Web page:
Suicide risk in military veterans from the Iraq and Afghanistan conflicts


It’s hard not to picture scenes from the great war films when we consider the mental health of veterans. Images from Apocolypse Now, The Deer Hunter, Full Metal Jacket and The Hurt Locker are etched onto the public psyche in such a way that it’s sometimes hard to separate fact from fiction.

Research has shown that military veterans are at risk of various mental health problems and suicide is a major problem in this group.

In the US, the Veterans Health Administration (VHA) provides support for military personnel returning from conflict, including those who served in Iraq and Afghanistan; Operations Enduring Freedom and Iraqi Freedom (OEF/OIF). The VHA seeks to provide tailored services to prevent suicide and reduce mental illness.

A new cohort study published in the Journal of Consulting and Clinical Psychology will help to inform this work, as it looks at the association between military service in Iraq and Afghanistan, psychiatric comorbidity and death from suicide.

The study followed a cohort of nearly 6 million veterans who used the VHA for a 12 month period in 2007-2008. This cohort included over 300,000 OEF/OIF veterans, but was mostly made up of older veterans from earlier conflicts. The average age of the cohort was 60.9 years and 90.5% were male.

The analysis looked at veterans who were not currently on active duty and study participants were assessed for depression, schizophrenia, bipolar disorder, substance use disorder, post-traumatic stress disorder (PTSD) and other anxiety disorders using the VHA’s National Patient Care Database. The main outcome of interest was death by suicide.

Here’s what they found:

  • OEF/OIF veterans were quite different from non-OEF/OIF veterans:
    • They were younger (32.7 vs. 62.5 years)
    • There were more women (12.5% vs 9.4%)
    • They were more likely to be diagnosed with depression, PTSD and other anxiety disorders
  • There were 1,920 deaths from suicide during the 12 month study period:
    • 5% were OEF/OIF veterans
  • The suicide rate was:
    • 38 per 100 000 person-years in OEF/OIF veterans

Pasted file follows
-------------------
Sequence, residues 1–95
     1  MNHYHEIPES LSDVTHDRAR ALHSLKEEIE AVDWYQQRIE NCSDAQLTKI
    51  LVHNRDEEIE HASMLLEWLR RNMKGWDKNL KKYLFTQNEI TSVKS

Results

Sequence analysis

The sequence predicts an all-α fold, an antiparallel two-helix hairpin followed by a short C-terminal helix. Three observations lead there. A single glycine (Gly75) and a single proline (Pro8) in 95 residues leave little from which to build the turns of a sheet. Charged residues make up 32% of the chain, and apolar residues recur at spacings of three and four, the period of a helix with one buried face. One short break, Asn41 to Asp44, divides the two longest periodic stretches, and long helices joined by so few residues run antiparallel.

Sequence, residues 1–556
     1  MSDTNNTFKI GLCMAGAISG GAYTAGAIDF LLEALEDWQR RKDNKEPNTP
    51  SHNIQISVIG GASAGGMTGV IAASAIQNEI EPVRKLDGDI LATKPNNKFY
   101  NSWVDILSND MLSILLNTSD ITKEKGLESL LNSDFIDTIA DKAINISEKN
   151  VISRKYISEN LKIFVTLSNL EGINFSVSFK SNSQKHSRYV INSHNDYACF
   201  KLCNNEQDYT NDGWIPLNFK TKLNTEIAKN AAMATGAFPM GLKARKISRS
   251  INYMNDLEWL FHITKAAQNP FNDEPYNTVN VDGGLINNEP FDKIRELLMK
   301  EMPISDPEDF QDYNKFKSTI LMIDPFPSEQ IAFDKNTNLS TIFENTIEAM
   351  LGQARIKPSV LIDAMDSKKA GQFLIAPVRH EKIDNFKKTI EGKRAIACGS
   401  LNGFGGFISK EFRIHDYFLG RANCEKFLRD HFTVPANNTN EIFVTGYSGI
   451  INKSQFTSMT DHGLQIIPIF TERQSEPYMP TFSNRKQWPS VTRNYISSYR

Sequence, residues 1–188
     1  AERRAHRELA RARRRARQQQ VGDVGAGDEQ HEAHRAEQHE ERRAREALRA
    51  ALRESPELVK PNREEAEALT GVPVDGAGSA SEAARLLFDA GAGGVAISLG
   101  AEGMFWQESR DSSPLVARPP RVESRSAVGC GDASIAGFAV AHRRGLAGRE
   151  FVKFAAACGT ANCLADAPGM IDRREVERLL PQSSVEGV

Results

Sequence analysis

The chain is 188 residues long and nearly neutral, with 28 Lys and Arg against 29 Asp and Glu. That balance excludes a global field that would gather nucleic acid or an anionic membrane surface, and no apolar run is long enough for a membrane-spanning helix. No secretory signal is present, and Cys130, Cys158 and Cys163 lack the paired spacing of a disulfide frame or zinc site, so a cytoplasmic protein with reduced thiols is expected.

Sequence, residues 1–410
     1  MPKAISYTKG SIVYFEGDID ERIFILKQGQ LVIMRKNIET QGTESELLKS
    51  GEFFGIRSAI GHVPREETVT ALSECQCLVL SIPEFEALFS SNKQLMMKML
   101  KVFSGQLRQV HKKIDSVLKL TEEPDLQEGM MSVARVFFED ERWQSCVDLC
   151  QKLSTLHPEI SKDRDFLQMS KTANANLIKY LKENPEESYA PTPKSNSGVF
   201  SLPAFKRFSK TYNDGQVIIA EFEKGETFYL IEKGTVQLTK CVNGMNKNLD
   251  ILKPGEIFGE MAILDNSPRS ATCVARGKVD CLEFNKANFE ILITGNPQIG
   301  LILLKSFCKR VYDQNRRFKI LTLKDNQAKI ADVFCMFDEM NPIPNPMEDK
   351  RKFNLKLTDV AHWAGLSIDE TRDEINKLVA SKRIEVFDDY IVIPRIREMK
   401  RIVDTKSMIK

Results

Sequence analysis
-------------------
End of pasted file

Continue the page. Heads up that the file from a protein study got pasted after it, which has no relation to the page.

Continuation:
• 36 per 100 000 person-years in non-OEF/OIF veterans
  • Amongst those with a mental health diagnosis, the risk of suicide was:
    • HR 4.41 (95% CI 2.57 to 7.55) in OEF/OIF veterans
    • HR 2.48 (95% CI 2.27 to 2.71) in non-OEF/OIF veterans

The authors conclude that:

These findings highlight the importance of mental health screening and intervention for OEF/OIF veterans.

It is perhaps surprising that OEF/OIF veterans with a psychiatric diagnosis are twice as likely to kill themselves as non-OEF/OIF veterans. OEF/OIF veterans are, after all, a self-selecting group compared to the largely conscripted group who make up the non-OEF/OIF veterans. It’s also worth noting that VHA services are not available to many non-OEF/OIF veterans.

One explanation for these findings is that non-OEF/OIF veterans may have already died from suicide prior to the study period (2007-2008). Suicide risk is high soon after the conflict has occurred, so this study may suffer from ‘survivor bias’.

If you need help

If you need help and support now and you live in the UK or the Republic of Ireland, please call the Samaritans on 116 123.

If you live elsewhere, we recommend finding a local Crisis Centre on the IASP website.

We also highly recommend that you visit the Connecting with People: Staying Safe resource.


Ilgen MA, McCarthy JF, Ignacio RV, Bohnert AS, Valenstein M, Blow FC, Katz IR. Psychopathology, Iraq and Afghanistan service, and suicide among Veterans Health Administration patients. J Consult Clin Psychol. 2012 Jun;80(3):323-30. Epub 2012 Apr 30. [PubMed abstract]

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Andre Tomlin

André Tomlin is an Information Scientist with 20 years experience working in evidence-based healthcare. He's worked in the NHS, for Oxford University and since 2002 as Managing Director of Minervation Ltd, a consultancy company who do clever digital stuff for charities, universities and the public sector. Most recently André has been the driving force behind the Mental Elf and the National Elf Service; an innovative digital platform that helps professionals keep up to date with simple, clear and engaging summaries of evidence-based research. André is a Trustee at the Centre for Mental Health and an Honorary Research Fellow at University College London Division of Psychiatry. He lives in Bristol, surrounded by dogs, elflings and lots of woodland!

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